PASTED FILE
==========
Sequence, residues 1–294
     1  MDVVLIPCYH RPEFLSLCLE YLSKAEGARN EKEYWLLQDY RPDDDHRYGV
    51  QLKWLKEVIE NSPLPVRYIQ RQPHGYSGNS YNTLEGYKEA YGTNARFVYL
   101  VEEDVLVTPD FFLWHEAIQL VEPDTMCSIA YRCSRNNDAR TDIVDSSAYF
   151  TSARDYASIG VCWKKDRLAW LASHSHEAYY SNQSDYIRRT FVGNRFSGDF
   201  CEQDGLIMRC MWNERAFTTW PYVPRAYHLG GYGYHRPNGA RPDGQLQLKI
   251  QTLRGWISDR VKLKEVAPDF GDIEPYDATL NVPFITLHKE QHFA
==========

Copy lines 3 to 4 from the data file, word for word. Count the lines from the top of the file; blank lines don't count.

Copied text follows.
    51  QLKWLKEVIE NSPLPVRYIQ RQPHGYSGNS YNTLEGYKEA YGTNARFVYL
   101  VEEDVLVTPD FFLWHEAIQL VEPDTMCSIA YRCSRNNDAR TDIVDSSAYF